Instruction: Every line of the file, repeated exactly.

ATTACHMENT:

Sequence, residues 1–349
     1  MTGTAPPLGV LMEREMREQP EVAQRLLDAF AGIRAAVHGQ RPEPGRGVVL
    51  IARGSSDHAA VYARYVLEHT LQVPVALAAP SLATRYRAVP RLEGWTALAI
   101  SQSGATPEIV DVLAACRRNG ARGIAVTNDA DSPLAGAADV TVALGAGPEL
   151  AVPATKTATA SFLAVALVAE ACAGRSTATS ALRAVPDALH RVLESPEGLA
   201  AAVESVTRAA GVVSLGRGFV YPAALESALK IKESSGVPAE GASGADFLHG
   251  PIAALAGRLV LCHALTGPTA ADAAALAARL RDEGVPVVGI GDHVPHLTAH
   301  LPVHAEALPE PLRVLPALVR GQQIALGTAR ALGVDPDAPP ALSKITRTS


Sequence, residues 1–349
     1  MTGTAPPLGV LMEREMREQP EVAQRLLDAF AGIRAAVHGQ RPEPGRGVVL
    51  IARGSSDHAA VYARYVLEHT LQVPVALAAP SLATRYRAVP RLEGWTALAI
   101  SQSGATPEIV DVLAACRRNG ARGIAVTNDA DSPLAGAADV TVALGAGPEL
   151  AVPATKTATA SFLAVALVAE ACAGRSTATS ALRAVPDALH RVLESPEGLA
   201  AAVESVTRAA GVVSLGRGFV YPAALESALK IKESSGVPAE GASGADFLHG
   251  PIAALAGRLV LCHALTGPTA ADAAALAARL RDEGVPVVGI GDHVPHLTAH
   301  LPVHAEALPE PLRVLPALVR GQQIALGTAR ALGVDPDAPP ALSKITRTS